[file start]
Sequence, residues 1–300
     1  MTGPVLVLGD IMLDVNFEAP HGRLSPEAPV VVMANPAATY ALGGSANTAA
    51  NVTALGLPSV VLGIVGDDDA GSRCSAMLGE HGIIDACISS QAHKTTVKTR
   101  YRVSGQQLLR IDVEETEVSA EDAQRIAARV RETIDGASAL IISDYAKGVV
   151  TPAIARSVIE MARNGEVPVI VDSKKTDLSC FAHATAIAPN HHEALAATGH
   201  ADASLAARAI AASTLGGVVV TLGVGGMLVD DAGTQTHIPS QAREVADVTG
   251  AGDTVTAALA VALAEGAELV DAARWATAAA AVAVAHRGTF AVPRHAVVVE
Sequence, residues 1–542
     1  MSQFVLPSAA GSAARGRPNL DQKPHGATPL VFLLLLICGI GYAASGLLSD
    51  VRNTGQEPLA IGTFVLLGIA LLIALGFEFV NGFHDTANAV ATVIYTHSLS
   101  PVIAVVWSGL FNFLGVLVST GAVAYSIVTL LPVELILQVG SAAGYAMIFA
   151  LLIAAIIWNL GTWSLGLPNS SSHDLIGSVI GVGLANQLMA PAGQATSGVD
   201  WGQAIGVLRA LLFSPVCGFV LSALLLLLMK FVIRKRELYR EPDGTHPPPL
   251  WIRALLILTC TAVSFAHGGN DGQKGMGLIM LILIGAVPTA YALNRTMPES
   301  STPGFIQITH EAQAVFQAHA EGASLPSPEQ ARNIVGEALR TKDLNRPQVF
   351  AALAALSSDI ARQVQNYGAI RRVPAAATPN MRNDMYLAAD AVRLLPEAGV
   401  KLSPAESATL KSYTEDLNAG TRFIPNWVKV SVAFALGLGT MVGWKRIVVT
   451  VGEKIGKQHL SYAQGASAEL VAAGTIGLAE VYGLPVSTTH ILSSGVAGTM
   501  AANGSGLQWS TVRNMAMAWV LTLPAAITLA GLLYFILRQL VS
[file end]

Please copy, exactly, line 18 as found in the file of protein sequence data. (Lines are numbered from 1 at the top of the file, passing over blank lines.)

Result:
   451  VGEKIGKQHL SYAQGASAEL VAAGTIGLAE VYGLPVSTTH ILSSGVAGTM